In summary, we demonstrated that high-sodium environment increases GAG synthesis of dermal fibroblasts via the activation of the COX-2/PGE2 pathway (Figure 6). Beside other cell types, dermal fibroblasts are also capable of producing PGE2. The resulting PGE2 molecules act on fibroblasts in both paracrine and autocrine manners. Moreover, the salt overloaded Wistar rats treated with the COX-2 inhibitor celecoxib failed to increase the amount of Na+-binding GAGs in the skin. Taken together, in case of salt overload, GAG production in the skin is regulated by the local prostaglandin system. These data provide further insight into the fibroblast-mediated regulation of GAGs in the skin during high salt consumption, as well as into the dermal Na+ homeostasis.
Data Availability Statement
The raw data supporting the conclusions of this article will be made available by the authors, without undue reservation.
The animal study was reviewed and approved by Committee of the Care and Use of Laboratory Animals in the Council of Animal Care at Semmelweis University, Budapest, Hungary (PEI/001/1731-9/2015).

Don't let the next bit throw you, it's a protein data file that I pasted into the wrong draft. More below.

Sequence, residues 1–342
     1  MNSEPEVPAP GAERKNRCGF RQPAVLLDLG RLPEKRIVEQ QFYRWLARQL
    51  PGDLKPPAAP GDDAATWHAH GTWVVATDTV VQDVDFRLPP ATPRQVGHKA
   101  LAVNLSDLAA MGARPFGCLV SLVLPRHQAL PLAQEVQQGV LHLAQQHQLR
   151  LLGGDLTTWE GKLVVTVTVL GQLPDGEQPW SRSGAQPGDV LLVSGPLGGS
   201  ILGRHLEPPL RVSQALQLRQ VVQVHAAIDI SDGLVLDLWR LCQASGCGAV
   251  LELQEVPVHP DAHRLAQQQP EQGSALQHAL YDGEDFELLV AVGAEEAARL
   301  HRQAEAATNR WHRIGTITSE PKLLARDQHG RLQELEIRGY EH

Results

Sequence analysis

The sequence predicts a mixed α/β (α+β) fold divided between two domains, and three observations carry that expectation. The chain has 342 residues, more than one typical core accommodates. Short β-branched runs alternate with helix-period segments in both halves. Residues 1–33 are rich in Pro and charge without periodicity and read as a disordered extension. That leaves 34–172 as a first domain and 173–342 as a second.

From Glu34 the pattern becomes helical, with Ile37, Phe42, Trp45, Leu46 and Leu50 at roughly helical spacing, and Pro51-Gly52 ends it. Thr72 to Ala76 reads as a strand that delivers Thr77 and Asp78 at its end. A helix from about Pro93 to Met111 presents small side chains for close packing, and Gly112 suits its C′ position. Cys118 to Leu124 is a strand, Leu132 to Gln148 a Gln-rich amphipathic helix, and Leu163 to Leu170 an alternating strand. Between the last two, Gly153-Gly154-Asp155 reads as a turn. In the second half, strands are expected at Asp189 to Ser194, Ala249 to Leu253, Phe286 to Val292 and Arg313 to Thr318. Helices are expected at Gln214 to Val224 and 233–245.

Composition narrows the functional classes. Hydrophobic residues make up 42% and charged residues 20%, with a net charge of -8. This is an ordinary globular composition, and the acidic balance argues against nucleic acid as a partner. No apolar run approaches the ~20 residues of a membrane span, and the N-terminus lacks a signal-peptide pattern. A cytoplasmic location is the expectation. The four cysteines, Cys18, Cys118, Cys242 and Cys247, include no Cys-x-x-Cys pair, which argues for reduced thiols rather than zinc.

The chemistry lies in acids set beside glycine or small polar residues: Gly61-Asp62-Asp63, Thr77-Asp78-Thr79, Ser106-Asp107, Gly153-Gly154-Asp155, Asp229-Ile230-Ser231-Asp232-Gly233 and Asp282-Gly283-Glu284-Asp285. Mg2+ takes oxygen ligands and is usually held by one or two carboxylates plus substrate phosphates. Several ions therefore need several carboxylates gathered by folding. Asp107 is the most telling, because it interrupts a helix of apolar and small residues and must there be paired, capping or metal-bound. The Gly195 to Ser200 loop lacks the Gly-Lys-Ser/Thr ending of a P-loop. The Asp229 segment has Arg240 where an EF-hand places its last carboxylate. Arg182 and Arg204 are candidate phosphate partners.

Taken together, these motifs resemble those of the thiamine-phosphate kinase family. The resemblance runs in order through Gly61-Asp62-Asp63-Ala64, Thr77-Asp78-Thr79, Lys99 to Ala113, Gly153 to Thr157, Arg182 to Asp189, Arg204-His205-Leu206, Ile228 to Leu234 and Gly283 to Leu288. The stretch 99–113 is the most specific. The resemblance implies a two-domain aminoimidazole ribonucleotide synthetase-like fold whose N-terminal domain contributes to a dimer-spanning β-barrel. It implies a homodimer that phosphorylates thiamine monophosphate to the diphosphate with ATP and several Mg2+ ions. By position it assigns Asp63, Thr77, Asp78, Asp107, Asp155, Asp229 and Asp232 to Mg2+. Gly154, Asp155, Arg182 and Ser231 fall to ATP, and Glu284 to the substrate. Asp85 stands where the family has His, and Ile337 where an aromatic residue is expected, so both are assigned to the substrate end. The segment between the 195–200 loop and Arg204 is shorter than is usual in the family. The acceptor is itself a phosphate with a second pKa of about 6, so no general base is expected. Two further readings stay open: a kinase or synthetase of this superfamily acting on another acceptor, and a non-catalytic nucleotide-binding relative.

RA and AS conceived and designed the research. RA, DS, and DP performed animal and cell culture experiments. GT and LT designed and performed HPLC-MS measurements. LK and ZV gave scientific advice in the field of dermatology. RA and DP analyzed data. RA, DP, TT, ÁV, and AS interpreted results of experiments. RA prepared figures. RA and DS drafted manuscript. DP, TT, ÁV, and AS edited and revised the manuscript. RA, DS, DP, TT, ÁV, AS, GT, LT, and LK approved final version of the manuscript. All authors contributed to the article and approved the submitted version.
This work was supported by the János Bolyai Research Scholarship of the Hungarian Academy of Sciences; ÚNKP-18-4-SE-109 New National Excellence Program of the Ministry of Human Capabilities; OTKA-K116928 and OTKA-K125470 grants of the Hungarian Scientific Research Fund; 20382-3/2018 FEKUTSTRAT grants; Semmelweis Science and Innovation Fund.